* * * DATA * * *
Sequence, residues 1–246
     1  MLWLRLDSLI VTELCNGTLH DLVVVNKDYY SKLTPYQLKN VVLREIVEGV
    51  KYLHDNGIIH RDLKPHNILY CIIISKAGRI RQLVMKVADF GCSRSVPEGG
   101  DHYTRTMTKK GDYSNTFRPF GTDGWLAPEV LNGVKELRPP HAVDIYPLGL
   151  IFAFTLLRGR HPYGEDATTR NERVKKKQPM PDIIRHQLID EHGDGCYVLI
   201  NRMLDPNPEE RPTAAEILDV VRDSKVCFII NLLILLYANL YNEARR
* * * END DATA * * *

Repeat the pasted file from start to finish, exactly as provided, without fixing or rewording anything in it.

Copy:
Sequence, residues 1–246
     1  MLWLRLDSLI VTELCNGTLH DLVVVNKDYY SKLTPYQLKN VVLREIVEGV
    51  KYLHDNGIIH RDLKPHNILY CIIISKAGRI RQLVMKVADF GCSRSVPEGG
   101  DHYTRTMTKK GDYSNTFRPF GTDGWLAPEV LNGVKELRPP HAVDIYPLGL
   151  IFAFTLLRGR HPYGEDATTR NERVKKKQPM PDIIRHQLID EHGDGCYVLI
   201  NRMLDPNPEE RPTAAEILDV VRDSKVCFII NLLILLYANL YNEARR